Review: 'The Oxford Companion to Consciousness'

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Review: 'The Oxford Companion to Consciousness'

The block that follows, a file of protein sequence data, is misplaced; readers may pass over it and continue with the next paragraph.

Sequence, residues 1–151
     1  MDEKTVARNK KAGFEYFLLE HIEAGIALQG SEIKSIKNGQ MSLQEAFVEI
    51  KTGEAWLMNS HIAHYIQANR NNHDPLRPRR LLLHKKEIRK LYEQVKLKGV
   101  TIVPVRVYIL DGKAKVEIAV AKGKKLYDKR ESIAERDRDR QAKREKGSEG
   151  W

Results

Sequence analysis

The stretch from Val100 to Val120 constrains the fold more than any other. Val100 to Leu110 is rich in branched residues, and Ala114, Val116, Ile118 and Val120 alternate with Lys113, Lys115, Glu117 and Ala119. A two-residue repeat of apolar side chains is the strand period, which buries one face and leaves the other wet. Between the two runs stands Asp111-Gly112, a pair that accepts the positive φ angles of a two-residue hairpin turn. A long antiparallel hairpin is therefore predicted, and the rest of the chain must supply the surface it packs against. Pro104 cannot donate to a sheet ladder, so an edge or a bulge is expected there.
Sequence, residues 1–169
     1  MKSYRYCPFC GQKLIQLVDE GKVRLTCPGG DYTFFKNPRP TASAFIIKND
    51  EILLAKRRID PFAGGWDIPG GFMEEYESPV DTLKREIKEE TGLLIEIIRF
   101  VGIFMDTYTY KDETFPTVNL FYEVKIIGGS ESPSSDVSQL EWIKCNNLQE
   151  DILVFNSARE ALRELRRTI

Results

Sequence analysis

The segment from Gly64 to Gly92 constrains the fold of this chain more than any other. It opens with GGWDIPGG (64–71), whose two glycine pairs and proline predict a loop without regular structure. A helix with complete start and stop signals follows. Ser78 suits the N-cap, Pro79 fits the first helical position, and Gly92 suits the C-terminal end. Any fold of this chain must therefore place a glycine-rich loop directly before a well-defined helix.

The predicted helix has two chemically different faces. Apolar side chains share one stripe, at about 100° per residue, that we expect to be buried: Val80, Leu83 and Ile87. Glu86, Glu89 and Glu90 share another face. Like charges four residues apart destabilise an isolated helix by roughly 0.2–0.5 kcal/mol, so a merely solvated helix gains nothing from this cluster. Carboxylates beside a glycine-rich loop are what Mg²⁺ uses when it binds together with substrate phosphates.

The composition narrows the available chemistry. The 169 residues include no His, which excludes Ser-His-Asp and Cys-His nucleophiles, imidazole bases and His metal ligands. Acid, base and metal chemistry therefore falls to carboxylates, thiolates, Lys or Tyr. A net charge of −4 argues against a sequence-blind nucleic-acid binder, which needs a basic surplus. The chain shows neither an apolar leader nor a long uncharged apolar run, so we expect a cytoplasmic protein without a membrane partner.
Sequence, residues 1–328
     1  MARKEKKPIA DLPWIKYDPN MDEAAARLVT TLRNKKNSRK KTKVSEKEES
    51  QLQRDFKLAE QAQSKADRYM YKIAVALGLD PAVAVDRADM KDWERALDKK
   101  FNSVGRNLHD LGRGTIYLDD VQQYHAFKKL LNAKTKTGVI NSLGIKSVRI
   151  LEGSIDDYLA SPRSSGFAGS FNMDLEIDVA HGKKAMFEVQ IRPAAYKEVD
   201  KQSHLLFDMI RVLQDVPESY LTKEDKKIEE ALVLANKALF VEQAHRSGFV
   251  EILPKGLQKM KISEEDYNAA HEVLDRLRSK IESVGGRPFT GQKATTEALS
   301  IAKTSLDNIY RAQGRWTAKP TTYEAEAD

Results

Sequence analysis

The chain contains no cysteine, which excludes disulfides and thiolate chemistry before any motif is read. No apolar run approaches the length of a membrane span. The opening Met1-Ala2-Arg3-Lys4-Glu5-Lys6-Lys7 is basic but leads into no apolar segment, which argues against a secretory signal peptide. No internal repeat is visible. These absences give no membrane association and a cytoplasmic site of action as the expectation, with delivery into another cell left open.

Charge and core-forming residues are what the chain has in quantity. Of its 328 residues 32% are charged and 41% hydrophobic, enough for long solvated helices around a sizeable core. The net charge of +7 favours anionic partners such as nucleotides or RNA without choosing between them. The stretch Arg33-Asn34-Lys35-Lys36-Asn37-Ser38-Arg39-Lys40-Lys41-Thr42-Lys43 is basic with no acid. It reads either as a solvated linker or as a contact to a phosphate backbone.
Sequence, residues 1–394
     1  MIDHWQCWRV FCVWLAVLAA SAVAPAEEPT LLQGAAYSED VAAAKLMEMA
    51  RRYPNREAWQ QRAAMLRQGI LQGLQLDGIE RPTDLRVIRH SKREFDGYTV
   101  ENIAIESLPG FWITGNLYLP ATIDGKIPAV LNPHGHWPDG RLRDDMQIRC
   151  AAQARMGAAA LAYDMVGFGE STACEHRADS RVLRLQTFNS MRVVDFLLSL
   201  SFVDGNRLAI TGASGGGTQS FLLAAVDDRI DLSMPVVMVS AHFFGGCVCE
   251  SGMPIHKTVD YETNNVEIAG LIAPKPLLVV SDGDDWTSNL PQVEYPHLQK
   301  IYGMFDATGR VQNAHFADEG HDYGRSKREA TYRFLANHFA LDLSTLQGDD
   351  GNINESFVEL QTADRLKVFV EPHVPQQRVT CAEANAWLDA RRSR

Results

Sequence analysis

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  Final MS version. Published in  Philosophical Psychology , 25  (June 2012), pp. 451-455. The Oxford Companion to Consciousness Tim Bayne, Axel Cleeremans & Patrick Wilken (Eds.)  New York: Oxford University Press, 2009 688 pages, ISBN: 0198569513 (hbk); $135.00 This impressive tome is the product of considerable effort by its three editors and by many con-tributors. Without a doubt it is the most comprehensive book of its kind now available. While I will go on to make some critical remarks, I want to state first that I think every researcher in the field of consciousness, and every college or university library, should own a copy. The Oxford Companion to Consciousness  is unlike two other recently published volumes on consciousness (Velmans & Schneider, 2007; Zelazo, Moscovitch, & Thompson, 2007), each comprising several dozen full-length review essays on central topics in the field. Instead of tak-ing that approach, Bayne, Cleeremans and Wilken have assembled a much larger set of much shorter essays, which cover not just the central topics but also a wide swath of more peripheral ones. The editors acknowledge a debt to Richard Gregory’s magisterial and eclectic Oxford Companion to the Mind   (2004), and note that topics to be covered in the book were generated with the help of an analysis of a decade of meeting reports from the Association for the Scientific Study of Consciousness. The book is, then, in essence, an encyclopedia—a work of reference. Faced with the challenge of reviewing such a volume in a few pages, one is limited to some rather programmatic remarks that will inevitably fail to convey the book’s full scope. I shall endeavor to evaluate its usefulness as a reference work. There are 244 entries, arranged alphabetically from “access consciousness” through to “zombies.” While those first and last entries both happen to be on subjects that are philosophical in srcin and which continue to exercise philosophers more than scientists, the volume is in fact dominated by entries on the scientific aspects of the study of consciousness. Noting this fact in  their preface, the editors state forthrightly that in their view, “a full understanding of conscious-ness will be reached—if at all—only with the methods of science” (p. xii). As I worked my way through the book, I counted 69 entries that were primarily philosophical, with another 18 or so that were at least partially concerned with philosophical issues. That leaves just under two-thirds of the entries falling squarely into scientific territory. The scientific entries themselves are diverse. Some outline leading theories of conscious-ness, such as “information integration theory” or “global workspace theory.” Others address  phenomena that are thought to be related to consciousness, like “metacognition,” “automaticity” or “déjà vu.” Many entries describe methodologies, from ways of recording brain activity (such as “magnetoencephalography”) to techniques for gathering and analyzing behavioral responses (“signal detection theory,” “protocol analysis”). There are many entries on deficits or disorders of consciousness, such as “agnosia” and “schizophrenia.” There is a wonderful sequence of en-tries on animal consciousness: as well as a general overview, there are entries on dolphins, the great apes, and ravens (the book’s cover is graced by a raven in flight), and finally, one on “ani-mal metacognition and consciousness.” Someone wanting an authoritative primer on current re-search into consciousness in nonhuman animals need look no further. A nice feature of the book is the inclusion of paired entries on certain topics, with one en-try addressing the topic from a philosophical perspective and the other from a scientific perspec-tive. Indeed, I found myself wishing there had been more of these. A philosophical perspective on animal consciousness would have been welcome, for example. The ten topics that receive this dual treatment are “action,” “colour,” “dreaming,” “emotion,” “imagery,” “musical experience,” “orgasm,” “pain,” “self,” and “temporality.” The presence of a philosophical entry on orgasm is indicative of the editors’ intention to cast a wide net. Discussion of orgasm appears in the philosophical literature on consciousness as a purported counter-example to representational theories of phenomenal character. One might therefore have thought it would be included in the “representationalism” entry rather than given its own entry. However, I think the editors have taken some delight in including a few entries  like this one that are on somewhat unexpected topics. There are also entries on “Spock” (the Star Trek   character) and “wine and consciousness.” The contributors—many or most of whose names will be familiar to anyone with even a  passing interest in consciousness—for the most part are responsible for only one entry apiece (with some entries coauthored by two or three people). A notable exception is editor Tim Bayne, who himself contributes 12 entries—though many of those are on the shorter side, covering sub- jects such as homunculi or the pineal gland (and also the philosophical entry on orgasm). The average entry is around 2,000 words, though some are more than twice that long and a few are less than 1,000. The more lengthy entries are very substantial pieces which typically do an excellent job of sketching the territory of the subject at hand. On the whole though, this is not a book for those who are new to cognitive science. Most entries are dense with information and often with technical language. Of necessity, experiments and arguments are sketched with an economy that sometimes leaves one wishing for more detail. However, those inspired to go look-ing for more detail will find that most entries carry a substantial bibliography. There are some entries that in themselves barely mention consciousness at all. I surmise that the editors expect their target audience to have enough background knowledge to understand the relevance to consciousness of (for example) problems concerning representation. For gradu-ate students or professional researchers, then, the book is a goldmine of current knowledge. Some contributors take their entry as an opportunity to expound their own views. In some cases this is because a researcher has been invited to write an entry on their own theory. For ex-ample, Daniel Dennett covers “heterophenomenology,” and Semir Zeki the theory of “microcon-sciousness.” Naturally, the creator of a view is likely to be the person best placed to describe it. However, some entries that purport to offer a general survey of an area of study (as opposed to a  particular theory) turn out to have a pronounced partiality in favor of the author’s own theory. An example is the entry on scientific perspectives on imagery, written by Stephen Kosslyn and two of his collaborators. There is a decades-long debate between “pictorial” and “descriptive” accounts of visual imagery. Kosslyn is the most prominent defender of the pictorial view. His  entry is an unabated defense of that view. Remarkably, the work of Zenon Pylyshyn, the most  prominent critic of the pictorial view, is not even mentioned. In this case, happily, there is a  paired entry on imagery from the philosophical perspective which provides some more balanced coverage. But the philosophical entries are not always free of partiality either. David Rosenthal structures his entry on “philosophy and the study of consciousness” as a defense of the higher-order thought theory. He covers plenty of ground in what is one of the longest entries in the  book, but I find it a bit unfortunate that the perspective one gets from the entry is so noticeably colored by the author’s own theoretical leanings. The book contains a number of figures and diagrams, especially for the scientific entries. The figures in the text are in black and white, but some are reproduced as color plates in the middle of the book. This is particularly valuable for those entries that feature pictures of brain scans, which frequently use color in their representation of neural activity. A hiccup occurs with the figures in the “M” section. In the entry on iconic memory (that is: “memory, iconic”) a fig-ure, referred to in the text, is omitted. While on the subject of editorial slips, I will note that there are typographical errors every few pages, though they are typically of little consequence. And for context, I should emphasize  just how lengthy a book this is. The page count alone—just under 700 pages—does not convey the full impression, for the font size is also very small. There are some 1,000 words per page. The entire work must therefore be at least 600,000 words. Overall it is very well edited. The oc-casional misplaced word can be forgiven. There is, however, a more puzzling omission: the Companion  lacks an index. This can make it rather awkward to navigate. For example, suppose one wishes to find all the entries that mention Daniel Dennett, or that mention priming. The only way to achieve the former goal is to search through the likely entries for Dennett’s name. Regarding the latter, there is some help in that many entries include cross-references to other entries. One could begin with the entry on  priming and then follow the cross-references. But an index would allow a more complete, and less cumbersome, search. Exacerbating the issue is the fact that it is not always obvious where to  find a particular entry to begin with. Suppose, for example, one wanted to look for an entry on smell. Looking up “smell,” one would find nothing, for the entry appears under the technical name, “olfaction.” That is fine, but one would expect a cross-reference from “smell” to “olfac-tion.” The book does have entries that are just cross-references—for instance, the entry for “feedback, neural” simply points to the entry for “re-entrant processing”—but they are rather haphazard. Relatedly, for topics whose name involves more than one word, it is not always clear under which word the entry will appear. For example, while the entry on neural feedback appears under “F,” the entry for cognitive feelings appears under “C” (and there is no cross-reference from “feelings, cognitive”). An index would have made these little obstacles moot. The explanation for the missing index may be that, as I suggested earlier, the editors have decided that their target audience is researchers who already know the field well enough to be able to find what they want in the book without the help of an index. Perhaps this is a fair as-sumption, but I still think that some users of the book will find the lack of an index inconvenient. Rather than end on a negative note (and I emphasize that the absent index is more an an-noyance than a serious concern), let me now return to singing the book’s praises. One of its best features is that it highlights the interdisciplinarity of the field. I earlier mentioned that some 18 entries covered philosophical territory but were not exclusively philosophical in their content. In closing let me point out several of these entries that most caught my attention and interest. The entry on “body image and body schema” is by philosopher Shaun Gallagher, but its interdiscipli-narity can be seen in its bibliography, which features numerous philosophical pieces alongside articles from the journals Science  and Cortex . Similarly, the entry on “confabulation,” by philos-opher William Hirstein, is an admirable synthesis of philosophical analysis and empirical find-ings. Gallagher and Hirstein have each recently authored a book on their respective topics. Simi-larly, psychologist Euan Macphail draws on his own noted research in his very articulate entry on the “evolution of consciousness.” I cannot imagine any cognitive scientist who would not profit from delving into this very fine book. I strongly recommend it to anyone with an interest in consciousness.